Although the need for essential life-saving assistance remains widespread, IOM recognizes the need for simultaneous recovery and stabilization interventions, in line with the Triple Nexus approach. IOM aims at addressing the drivers of conflict and displacement and strengthening the resilience of communities to cope with man-made and natural shocks. IOM will seek to further support governments, states and communities undergoing significant socioeconomic and political changes during and following a crisis, to (re)establish stability and security, prevent further forced migration, restore trust among community members, vulnerable populations and local authorities and lay the foundations for durable solutions, lasting peace and sustainable development. Activities will include:
- Conducting ongoing, flexible, adaptable information gathering in areas of programmatic implementation, and surrounding districts with impact and influence on programmatic areas;
- Conducting focus group and key informant interview discussions to understand existing community groups and structures that promote peace, security and social cohesion, taking into account gender, social position, family position, religion, hereditary titles, language, and ethnic group;
- Supporting women, men and youth groups with capacity building designed to empower these groups as peacemakers and implement activities in their communities, including cultural activities that promote conflict mediation, reconciliation and community peace and security;
- Conducting community-based planning and sessions to identify sources of community tension, resources and opportunities and prioritize solutions;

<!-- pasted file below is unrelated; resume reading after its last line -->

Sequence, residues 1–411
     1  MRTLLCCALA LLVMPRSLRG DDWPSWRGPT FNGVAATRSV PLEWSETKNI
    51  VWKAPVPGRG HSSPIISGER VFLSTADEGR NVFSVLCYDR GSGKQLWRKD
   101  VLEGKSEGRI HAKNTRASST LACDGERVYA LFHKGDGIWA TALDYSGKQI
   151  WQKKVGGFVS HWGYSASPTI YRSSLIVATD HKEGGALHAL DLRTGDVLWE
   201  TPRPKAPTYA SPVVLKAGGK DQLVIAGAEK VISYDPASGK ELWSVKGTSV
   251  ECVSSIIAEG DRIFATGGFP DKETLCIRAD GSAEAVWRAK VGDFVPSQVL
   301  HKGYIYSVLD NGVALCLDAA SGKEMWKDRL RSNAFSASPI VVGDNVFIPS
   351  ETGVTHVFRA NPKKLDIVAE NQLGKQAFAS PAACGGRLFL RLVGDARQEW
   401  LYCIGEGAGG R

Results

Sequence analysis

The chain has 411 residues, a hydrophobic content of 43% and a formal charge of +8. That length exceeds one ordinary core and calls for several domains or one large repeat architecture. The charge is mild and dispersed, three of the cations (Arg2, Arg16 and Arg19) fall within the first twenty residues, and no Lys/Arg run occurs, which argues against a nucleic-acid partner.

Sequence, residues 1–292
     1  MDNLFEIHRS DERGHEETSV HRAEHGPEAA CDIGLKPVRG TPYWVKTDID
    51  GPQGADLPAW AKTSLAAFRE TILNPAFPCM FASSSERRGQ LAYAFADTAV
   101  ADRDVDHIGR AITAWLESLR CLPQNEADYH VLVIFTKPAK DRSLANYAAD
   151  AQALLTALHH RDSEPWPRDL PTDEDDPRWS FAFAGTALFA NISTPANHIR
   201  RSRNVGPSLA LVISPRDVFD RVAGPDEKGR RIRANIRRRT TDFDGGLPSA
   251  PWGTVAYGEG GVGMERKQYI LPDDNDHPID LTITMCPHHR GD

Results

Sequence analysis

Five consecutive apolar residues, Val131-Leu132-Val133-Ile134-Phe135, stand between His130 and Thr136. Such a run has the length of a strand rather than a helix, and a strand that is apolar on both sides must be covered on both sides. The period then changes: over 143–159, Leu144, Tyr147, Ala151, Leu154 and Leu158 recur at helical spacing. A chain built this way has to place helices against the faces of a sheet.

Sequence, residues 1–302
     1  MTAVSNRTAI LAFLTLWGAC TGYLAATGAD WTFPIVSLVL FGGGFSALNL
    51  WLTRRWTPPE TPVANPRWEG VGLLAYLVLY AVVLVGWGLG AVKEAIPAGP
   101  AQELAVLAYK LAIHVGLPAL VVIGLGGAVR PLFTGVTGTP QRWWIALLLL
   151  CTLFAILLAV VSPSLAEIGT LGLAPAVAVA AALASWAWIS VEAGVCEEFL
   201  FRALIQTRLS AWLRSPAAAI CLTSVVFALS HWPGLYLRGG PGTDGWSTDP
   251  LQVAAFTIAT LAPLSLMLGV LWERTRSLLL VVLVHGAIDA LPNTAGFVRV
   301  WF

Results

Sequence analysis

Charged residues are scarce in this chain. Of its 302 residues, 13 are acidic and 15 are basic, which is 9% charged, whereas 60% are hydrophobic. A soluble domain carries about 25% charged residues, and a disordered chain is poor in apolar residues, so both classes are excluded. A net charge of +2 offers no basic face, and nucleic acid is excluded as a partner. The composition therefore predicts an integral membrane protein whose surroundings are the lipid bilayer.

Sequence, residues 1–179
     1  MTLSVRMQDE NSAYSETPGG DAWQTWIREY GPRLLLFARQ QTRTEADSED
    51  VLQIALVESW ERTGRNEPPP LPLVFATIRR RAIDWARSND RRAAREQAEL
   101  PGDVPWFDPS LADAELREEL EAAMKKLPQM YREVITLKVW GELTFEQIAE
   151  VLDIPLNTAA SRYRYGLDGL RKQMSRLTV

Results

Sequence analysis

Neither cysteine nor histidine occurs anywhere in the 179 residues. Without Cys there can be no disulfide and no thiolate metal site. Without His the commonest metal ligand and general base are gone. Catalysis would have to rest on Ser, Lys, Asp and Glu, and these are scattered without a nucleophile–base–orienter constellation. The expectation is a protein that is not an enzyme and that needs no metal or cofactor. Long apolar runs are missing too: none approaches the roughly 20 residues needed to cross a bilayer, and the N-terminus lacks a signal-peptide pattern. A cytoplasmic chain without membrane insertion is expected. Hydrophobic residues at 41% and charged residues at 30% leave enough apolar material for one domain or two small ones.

- Supporting tangible investments at the individual, group and community level including income generation initiatives and community revitalization projects;
- Implementing community-based activities to promote social cohesion in communities receiving ex-combatants.
In line with the Progressive Resolution of Displacement Situations (PRDS) Framework which IOM adopted in 2016, as well as the Secretary General’s Action Agenda to promote Solutions to Internal Displacement, IOM will continue to promote an inclusive, resilience-based approach in Mozambique and embrace mobility strategies that support progression towards resolving displacement, while ensuring safety nets are in place to avoid potentially harmful mobility strategies and supporting IDPs living in resettlement sites in the central area and northern Mozambique and affected communities through preventive and recovery measures using a holistic approach. This will include:
- Fostering self-reliance among IDPs and affected communities by providing technical and labour support for durable housing;
- Training households and craftsmen on safe and resilient construction practices, including on DRR.
- Raising awareness and knowledge of Build Back Better principles for long-term resilient communities and construction preparedness is established;
- Conducting infrastructure work such as clearing roads, drainage, streetlighting, wells, WASH services, market facilities, and so forth;